10.2The issue before the Committee is whether the expulsion of the complainant to Uganda would constitute a violation of the State party’s obligation under article 3 of the Convention not to expel or to return (refouler) a person to another State where there are substantial grounds for believing that he or she would be in danger of being subjected to torture. The Committee must evaluate whether there are substantial grounds for believing that he would be personally in danger of being subjected to torture upon return to Uganda. In assessing that risk, the Committee must take into account all relevant considerations, pursuant to article 3 (2) of the Convention, including the existence of a consistent pattern of gross, flagrant or mass violations of human rights. However, the Committee recalls that the existence of a pattern of gross, flagrant or mass violations of human rights in a country does not as such constitute sufficient reason for determining that a particular person would be in danger of being subjected to torture on return to that country; additional grounds must be adduced to show that the individual concerned would be personally at risk. Conversely, the absence of a consistent pattern of flagrant violations of human rights does not mean that a person might not be subject to torture in his or her specific circumstances.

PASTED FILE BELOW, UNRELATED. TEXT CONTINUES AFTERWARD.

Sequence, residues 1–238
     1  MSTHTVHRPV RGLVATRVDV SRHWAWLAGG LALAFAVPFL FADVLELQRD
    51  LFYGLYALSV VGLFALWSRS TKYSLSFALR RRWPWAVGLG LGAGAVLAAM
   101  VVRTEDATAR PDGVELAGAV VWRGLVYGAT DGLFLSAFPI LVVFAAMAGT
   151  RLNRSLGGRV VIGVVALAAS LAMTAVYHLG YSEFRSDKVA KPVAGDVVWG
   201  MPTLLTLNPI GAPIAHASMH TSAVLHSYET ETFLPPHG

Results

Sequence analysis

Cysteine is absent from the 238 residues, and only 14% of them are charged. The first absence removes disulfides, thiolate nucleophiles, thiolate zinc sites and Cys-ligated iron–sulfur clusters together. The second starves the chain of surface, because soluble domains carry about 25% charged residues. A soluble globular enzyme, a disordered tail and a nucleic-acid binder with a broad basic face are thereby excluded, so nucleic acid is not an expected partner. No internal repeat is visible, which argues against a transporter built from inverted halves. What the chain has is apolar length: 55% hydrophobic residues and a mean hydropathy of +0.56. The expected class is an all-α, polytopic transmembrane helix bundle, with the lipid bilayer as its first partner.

10.3In the present case, the Committee notes the argument of the State party that the complainant has failed to substantiate that he faces a real and personal risk of torture in Uganda. The Committee also notes the State party’s argument that the complainant’s allegations were not credible regarding central aspects of his claim related to the risks he would be exposed to if returned to Uganda owing to his sexual orientation, including his allegations related to his arrest and torture inflicted in 2007, as well as the allegations related to the recent interest shown by the Ugandan authorities regarding his whereabouts in relation to the charges brought against him for “having carnal knowledge against nature”. The Committee notes the complainant’s argument that the Canadian authorities did not give sufficient consideration to or properly analyse his claims, including the new pieces of evidence related to the criminal procedures against him based on charges related to his sexual orientation.

10.4The Committee recalls its jurisprudence that complete accuracy is seldom to be expected from victims of torture. The Committee finds it impossible to verify the authenticity of some of the documents provided by the complainant. However, in view of the reliable documentation he has provided, including a supporting letter from the Uganda Human Rights Commission, the Local Council of Kafero Zone, an attestation from the Gay and Lesbian Association in Uganda and a medical report, the Committee considers that the complainant has provided sufficient reliable information for the burden of proof to shift.